As a rule, modern philosophers accept that all human knowledge comes from experience but without asking what experience is.Is experience perhaps facts? Facts alone cannot constitute experience because until facts are known by me they are, relative to my knowledge, non-existent.Nor can experience be taken to mean facts known to me. If this is the meaning of experience, we would have to inquire about the kind of knowledge under discussion. It would be absurd to maintain that experience is facts known by sense alone. When I say that I know a fact by sense alone, I have removed all thought from the fact. In such a case, facts are sensations and nothing more; there is no contact between them, no connection of any kind. These facts known by the senses alone - an incorrect expression if ever there was one - can neither be written or spoken about, because language does not have individual words suitable to express them and because, if I connect them to some sensible sign to make them speakable, I would have to reflect upon them. But this runs counter to the assumption that they are known to me through sense alone, and nothing else. Experience, therefore, will be facts which are truly known; this inevitably brings in the intelligence which endows them with some universality by considering individual facts in relationship to being and, in being, in their relation to one another. This kind of experience can and does produce our cognitions. But if this is the experience we mean when we assert that all our cognitions come from experience, we first have to discover the nature of our intellective knowledge of facts and the nature of the intellect which we use to form or, at least, complete this experience.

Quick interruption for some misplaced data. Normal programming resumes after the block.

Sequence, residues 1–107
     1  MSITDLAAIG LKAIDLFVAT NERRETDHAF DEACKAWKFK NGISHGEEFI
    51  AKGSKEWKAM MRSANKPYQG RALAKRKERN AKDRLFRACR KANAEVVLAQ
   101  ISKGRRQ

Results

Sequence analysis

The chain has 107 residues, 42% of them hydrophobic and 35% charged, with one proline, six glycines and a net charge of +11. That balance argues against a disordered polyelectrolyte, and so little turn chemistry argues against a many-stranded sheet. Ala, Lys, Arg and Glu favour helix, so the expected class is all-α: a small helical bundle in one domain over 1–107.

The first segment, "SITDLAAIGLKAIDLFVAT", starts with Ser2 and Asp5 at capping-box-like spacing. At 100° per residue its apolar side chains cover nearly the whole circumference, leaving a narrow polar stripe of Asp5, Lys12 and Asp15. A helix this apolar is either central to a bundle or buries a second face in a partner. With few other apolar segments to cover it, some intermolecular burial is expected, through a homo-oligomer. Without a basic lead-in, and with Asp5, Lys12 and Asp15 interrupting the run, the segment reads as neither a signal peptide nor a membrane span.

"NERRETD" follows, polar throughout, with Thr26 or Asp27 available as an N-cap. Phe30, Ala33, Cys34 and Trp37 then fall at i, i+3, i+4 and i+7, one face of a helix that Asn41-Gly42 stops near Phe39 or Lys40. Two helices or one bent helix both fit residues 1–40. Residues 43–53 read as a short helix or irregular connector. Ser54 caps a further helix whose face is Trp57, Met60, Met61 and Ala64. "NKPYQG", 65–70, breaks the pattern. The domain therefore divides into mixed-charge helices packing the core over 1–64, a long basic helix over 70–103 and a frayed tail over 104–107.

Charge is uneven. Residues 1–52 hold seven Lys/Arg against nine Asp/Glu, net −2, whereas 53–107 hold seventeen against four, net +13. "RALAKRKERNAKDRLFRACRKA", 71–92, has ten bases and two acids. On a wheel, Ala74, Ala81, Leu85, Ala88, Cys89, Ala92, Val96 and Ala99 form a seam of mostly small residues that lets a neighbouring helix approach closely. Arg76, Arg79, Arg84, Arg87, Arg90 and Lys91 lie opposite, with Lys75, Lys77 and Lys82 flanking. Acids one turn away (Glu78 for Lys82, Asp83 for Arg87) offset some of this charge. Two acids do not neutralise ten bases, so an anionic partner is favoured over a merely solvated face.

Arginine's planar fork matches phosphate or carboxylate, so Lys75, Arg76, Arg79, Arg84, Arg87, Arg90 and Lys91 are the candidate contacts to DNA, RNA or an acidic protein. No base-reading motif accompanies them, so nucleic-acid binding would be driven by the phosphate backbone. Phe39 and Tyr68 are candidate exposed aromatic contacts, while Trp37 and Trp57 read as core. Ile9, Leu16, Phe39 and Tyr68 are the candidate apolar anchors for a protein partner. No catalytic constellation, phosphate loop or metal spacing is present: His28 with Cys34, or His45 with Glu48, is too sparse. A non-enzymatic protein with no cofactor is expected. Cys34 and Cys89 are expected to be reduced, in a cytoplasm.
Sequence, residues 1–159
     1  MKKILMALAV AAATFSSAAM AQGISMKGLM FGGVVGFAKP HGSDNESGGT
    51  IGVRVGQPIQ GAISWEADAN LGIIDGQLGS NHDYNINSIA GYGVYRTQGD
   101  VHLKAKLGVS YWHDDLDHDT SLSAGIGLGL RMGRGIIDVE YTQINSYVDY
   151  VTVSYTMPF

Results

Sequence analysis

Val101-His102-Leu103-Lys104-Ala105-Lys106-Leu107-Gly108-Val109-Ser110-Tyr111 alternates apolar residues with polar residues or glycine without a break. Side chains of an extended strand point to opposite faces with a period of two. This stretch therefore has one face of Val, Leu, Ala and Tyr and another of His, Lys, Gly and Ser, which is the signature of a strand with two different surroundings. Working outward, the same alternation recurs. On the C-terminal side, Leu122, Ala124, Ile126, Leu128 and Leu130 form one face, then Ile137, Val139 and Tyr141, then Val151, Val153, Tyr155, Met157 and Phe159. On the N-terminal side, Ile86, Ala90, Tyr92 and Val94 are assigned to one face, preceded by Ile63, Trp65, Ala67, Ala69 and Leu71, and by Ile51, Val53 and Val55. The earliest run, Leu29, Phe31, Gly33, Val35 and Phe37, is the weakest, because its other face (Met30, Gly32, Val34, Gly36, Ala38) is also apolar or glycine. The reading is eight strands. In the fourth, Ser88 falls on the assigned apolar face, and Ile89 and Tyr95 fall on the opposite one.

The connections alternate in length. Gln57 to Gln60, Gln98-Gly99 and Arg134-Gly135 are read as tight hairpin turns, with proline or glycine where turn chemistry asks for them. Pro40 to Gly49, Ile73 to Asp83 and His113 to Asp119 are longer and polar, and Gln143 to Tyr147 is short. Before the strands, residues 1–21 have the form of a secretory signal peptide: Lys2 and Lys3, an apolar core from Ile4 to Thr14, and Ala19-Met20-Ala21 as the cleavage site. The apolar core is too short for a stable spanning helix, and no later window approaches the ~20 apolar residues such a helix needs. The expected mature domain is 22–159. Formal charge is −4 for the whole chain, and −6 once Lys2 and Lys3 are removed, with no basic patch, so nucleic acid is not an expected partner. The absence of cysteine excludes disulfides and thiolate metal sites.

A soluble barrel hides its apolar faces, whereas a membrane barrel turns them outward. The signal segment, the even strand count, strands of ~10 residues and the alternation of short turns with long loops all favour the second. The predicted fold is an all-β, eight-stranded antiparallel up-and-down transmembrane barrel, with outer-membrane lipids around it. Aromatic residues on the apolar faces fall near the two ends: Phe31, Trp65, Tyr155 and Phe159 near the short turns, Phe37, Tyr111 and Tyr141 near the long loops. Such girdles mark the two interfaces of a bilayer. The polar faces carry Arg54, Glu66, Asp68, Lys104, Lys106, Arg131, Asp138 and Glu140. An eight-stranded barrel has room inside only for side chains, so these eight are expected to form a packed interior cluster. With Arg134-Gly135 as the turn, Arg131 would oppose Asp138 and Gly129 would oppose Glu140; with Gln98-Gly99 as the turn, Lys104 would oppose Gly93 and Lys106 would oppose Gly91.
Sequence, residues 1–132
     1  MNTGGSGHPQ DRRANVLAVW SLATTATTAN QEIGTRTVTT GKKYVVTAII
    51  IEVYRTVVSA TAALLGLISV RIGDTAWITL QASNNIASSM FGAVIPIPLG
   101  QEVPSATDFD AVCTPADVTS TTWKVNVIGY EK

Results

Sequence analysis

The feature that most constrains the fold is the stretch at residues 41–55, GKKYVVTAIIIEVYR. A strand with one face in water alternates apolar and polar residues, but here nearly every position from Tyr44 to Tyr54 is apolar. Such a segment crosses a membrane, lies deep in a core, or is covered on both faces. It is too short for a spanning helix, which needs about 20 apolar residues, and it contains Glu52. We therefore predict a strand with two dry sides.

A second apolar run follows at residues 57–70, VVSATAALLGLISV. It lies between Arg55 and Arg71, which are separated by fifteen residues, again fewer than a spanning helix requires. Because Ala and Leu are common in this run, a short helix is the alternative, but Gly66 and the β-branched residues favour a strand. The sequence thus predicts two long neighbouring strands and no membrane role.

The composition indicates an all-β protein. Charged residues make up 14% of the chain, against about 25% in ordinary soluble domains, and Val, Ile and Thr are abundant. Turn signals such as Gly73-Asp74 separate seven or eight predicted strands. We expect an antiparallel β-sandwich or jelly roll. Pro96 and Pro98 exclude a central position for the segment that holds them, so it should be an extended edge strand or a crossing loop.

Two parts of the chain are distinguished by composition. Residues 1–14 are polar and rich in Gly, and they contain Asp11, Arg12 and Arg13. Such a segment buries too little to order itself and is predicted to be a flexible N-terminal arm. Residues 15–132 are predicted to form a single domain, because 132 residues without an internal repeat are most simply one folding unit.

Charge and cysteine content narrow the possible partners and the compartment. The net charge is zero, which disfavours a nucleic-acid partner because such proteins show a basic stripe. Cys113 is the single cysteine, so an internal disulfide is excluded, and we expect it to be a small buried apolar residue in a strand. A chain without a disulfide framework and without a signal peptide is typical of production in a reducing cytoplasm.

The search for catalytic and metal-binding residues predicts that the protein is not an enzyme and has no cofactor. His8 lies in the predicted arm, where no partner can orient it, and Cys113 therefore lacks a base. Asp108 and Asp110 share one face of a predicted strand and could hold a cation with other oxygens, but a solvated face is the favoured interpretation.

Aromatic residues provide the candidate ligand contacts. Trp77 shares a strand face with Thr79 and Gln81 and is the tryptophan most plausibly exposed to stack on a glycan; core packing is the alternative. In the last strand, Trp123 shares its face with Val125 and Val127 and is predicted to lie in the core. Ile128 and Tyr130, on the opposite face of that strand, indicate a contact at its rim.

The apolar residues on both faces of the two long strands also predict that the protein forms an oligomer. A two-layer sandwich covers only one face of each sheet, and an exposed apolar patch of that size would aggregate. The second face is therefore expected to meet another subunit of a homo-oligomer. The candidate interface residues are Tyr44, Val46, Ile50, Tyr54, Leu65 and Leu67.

Antonio Rosmini, A New Essay Concerning the Origin of Ideas, Volume 1, Section 4, Chapter 3, footnote 225.